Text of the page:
6. Jack says:

    The economy is a mixed bag right now. Yes, low unemployment, but tech companies are preparing (or in the process of) layoffs. It’s not just Twitter and Meta. My company (based in NY) is laying of 20% of employees and 30% in my division. Our company isn’t making their numbers, so it’s not just to make shareholders richer.

    • Saucy&Sassy says:

      Jack, I’ve read the same. Tech is going to be laying off across the board. How much of that is attributed to AI? I’ve read where tech is the one area where there is knowledge among the wealthy tech owners that AI will change all areas of employment and they can see it coming. I think they are well aware of the problems to come for the 1% if something isn’t done to address that.

  7. HeyKay says:

    I’m working class and am having a tough time financially these last few years. I am full time employed but no health insurance included.
    I grew up in poverty, that worry of what if something happens never leaves me.
    People getting by w/o savings or family to help are very concerned about their futures.
    Wall Street and investments are not in my future so when I say the economy is worrying, I mean for those of us working and living paycheck to paycheck = worried! Hoping nothing else needs repairing and if the cost of heat and groceries would drop, that would be great!

    I’m 61, and I can tell you that for me personally “The War on Poverty” is still not won. Not by a long shot for a lot of people.
    I live pretty frugally but I know when the housing bust hit 2008-2010 a LOT of neighbors went thru foreclosures. At one point, 3 out of 8 houses on my street were up on foreclosure at the same time.

    IMO, Trump has brought us down and divided this country in a million awful ways and his die hard followers are frightening in their cult of MAGA/Trump.
    The IT workers, who are generally assumed to be in high demand and a safe area of employment, I think are often also under pressure in a very competitive market. Plus, big city cost of living and housing is terrifying.
    Wealth hoarding and the glamorization of crooks like Trump, Gates, Musk, Kardashians, is sickening.

  8. MsGnomer says:

    The pope declared a while ago that we are already in WWiii, fighting piecemeal. That said, I hope no one is provoked into violence by off the cuff remarks from people like this guy who works in theater. Russian bot farms have been undermining our American system for a while, using our openness against us and fueling our fury. Putin hopes we implode.

  9. Veronica S. says:

    We’ve already had one, in all honesty. January 2020 was only the start of the political violence. My guess is we won’t see anything on par with an organized Civil War-type situation until we have a major food shortages and severe poverty to worry about. It’s more likely we’ll see an increase in domestic terrorism. We may get VERY lucky if the youth stays engaged long enough to crush the fascist wave with their vote, and we do have more safety mechanisms in place than 1930s Europe did, but once it’s there, it’s hard to stamp out.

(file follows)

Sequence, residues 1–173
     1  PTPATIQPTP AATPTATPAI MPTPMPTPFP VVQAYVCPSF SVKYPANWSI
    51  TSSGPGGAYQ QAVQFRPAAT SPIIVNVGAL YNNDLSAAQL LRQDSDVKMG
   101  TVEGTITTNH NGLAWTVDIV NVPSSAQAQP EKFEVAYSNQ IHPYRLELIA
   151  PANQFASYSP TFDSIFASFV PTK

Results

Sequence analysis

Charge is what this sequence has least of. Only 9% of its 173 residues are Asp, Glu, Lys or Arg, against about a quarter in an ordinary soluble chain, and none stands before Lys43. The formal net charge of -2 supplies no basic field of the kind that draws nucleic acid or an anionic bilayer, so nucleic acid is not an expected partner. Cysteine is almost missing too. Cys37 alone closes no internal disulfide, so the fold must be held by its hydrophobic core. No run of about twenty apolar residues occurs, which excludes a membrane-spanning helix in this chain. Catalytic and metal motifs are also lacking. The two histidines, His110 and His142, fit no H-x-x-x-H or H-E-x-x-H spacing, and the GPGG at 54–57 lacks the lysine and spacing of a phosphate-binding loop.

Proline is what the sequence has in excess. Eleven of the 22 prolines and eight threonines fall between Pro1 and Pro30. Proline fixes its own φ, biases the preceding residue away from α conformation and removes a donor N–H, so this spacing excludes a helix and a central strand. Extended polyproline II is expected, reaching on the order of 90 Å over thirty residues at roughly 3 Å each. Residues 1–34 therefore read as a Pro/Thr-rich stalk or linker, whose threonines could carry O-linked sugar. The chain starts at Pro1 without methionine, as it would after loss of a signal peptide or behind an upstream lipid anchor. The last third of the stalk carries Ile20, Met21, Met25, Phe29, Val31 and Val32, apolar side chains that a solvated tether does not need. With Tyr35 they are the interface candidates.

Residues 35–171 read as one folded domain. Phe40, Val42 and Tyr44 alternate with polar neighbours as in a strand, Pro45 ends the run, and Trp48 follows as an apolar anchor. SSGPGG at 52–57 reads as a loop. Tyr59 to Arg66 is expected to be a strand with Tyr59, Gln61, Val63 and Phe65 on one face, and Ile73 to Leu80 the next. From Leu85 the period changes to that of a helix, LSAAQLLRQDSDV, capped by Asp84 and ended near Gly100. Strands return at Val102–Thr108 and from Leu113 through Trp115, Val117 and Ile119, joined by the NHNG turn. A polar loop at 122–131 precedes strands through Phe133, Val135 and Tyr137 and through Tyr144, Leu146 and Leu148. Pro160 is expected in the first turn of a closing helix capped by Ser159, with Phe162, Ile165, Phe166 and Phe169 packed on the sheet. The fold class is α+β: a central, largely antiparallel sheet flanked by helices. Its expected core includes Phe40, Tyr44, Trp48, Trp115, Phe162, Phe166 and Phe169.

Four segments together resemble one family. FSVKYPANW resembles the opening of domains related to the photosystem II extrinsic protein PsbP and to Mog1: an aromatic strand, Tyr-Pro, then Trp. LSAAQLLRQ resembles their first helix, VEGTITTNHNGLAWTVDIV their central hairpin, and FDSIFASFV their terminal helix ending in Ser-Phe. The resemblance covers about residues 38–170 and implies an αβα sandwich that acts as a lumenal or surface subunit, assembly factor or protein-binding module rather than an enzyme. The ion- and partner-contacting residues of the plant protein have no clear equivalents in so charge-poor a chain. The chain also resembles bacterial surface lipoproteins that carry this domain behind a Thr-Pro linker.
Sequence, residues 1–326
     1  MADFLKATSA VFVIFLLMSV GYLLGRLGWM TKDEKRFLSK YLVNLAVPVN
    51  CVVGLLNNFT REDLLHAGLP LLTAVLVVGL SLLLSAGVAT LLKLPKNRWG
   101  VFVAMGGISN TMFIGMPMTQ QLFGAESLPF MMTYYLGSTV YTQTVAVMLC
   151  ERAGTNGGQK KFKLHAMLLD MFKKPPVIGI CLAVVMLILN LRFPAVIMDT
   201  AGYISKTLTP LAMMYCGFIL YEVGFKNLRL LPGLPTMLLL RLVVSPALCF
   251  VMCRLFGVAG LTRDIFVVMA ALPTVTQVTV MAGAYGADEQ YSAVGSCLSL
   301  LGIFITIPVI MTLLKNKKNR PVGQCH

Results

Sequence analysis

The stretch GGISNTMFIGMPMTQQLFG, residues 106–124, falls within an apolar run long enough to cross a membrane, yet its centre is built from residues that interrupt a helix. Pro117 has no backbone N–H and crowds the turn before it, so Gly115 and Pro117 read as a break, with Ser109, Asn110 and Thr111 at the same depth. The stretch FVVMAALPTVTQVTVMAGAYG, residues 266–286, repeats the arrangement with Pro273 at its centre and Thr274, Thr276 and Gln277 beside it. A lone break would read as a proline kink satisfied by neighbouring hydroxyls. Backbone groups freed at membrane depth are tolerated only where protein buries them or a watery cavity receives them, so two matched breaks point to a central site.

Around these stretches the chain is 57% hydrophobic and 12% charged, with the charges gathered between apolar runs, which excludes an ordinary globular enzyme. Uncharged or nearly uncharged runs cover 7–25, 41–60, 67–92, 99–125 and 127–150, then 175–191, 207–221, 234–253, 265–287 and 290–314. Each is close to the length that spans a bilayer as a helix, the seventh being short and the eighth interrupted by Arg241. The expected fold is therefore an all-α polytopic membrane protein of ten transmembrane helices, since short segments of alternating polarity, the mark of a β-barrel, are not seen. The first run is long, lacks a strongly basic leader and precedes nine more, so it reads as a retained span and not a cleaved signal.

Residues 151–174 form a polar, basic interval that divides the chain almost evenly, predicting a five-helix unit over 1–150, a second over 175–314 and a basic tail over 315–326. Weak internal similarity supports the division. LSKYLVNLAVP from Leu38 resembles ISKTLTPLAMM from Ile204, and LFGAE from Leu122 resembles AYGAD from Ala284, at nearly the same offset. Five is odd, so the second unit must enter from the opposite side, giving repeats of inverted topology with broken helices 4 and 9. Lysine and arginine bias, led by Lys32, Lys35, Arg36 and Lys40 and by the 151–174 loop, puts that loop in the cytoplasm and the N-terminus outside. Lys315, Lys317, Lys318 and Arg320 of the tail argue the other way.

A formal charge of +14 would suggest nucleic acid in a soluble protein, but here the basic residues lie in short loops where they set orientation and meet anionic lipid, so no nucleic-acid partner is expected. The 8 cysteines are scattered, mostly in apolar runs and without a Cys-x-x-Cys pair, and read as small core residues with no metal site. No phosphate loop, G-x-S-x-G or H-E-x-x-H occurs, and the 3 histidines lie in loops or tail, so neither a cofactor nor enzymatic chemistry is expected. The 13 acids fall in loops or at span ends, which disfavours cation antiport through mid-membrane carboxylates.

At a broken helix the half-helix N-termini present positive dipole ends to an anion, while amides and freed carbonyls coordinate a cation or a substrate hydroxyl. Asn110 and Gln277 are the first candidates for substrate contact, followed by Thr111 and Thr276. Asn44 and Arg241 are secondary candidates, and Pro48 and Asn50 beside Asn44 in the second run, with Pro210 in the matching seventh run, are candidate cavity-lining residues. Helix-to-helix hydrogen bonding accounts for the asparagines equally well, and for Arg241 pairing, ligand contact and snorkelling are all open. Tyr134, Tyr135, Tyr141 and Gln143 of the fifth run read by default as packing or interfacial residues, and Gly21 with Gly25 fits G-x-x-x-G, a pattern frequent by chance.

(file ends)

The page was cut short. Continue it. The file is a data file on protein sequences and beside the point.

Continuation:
A big thing that’s going to hinge on a lot is if the establishment can wake up and start responding to the younger generation pushing left. If they don’t move there economically, I think we’re seriously at risk for DeSantis and a fascist wave in 2024. Millennials and Gen Z showed up for Democrats this year, but without a candidate that starts speaking to what they want and their policies, you will see more voter estrangements, which could open a path for the Republicans to take control again.

    Cox gets what’s really at the heart of it, though, IMO. Identity politics definitely do exist and are built into our system problematically, but a lot of it boils down to economics. A lot of our problems would frankly be fixed by simply repairing the wealth gap.

  10. ML says:

    As to what Cox says about a civil war: people here in Holland have asked me my opinion on that from time to time. Economic opportunities, racism, and gun violence usually lies at the heart of those queries to me.
    As to the past election, it’s heartening to see that people showed up in greater than expected amounts for human rights. Someone from NY (Liz?) told me about which elections expats can vote in based on your state of origin. One of my friends here is from NY, so I passed on the info. I have more information for expats from her:
    In many states (check the link) US citizens born abroad to American parents can vote in US (in some cases only federal) elections!! I did not know this. In a few years, my teen will be able to vote.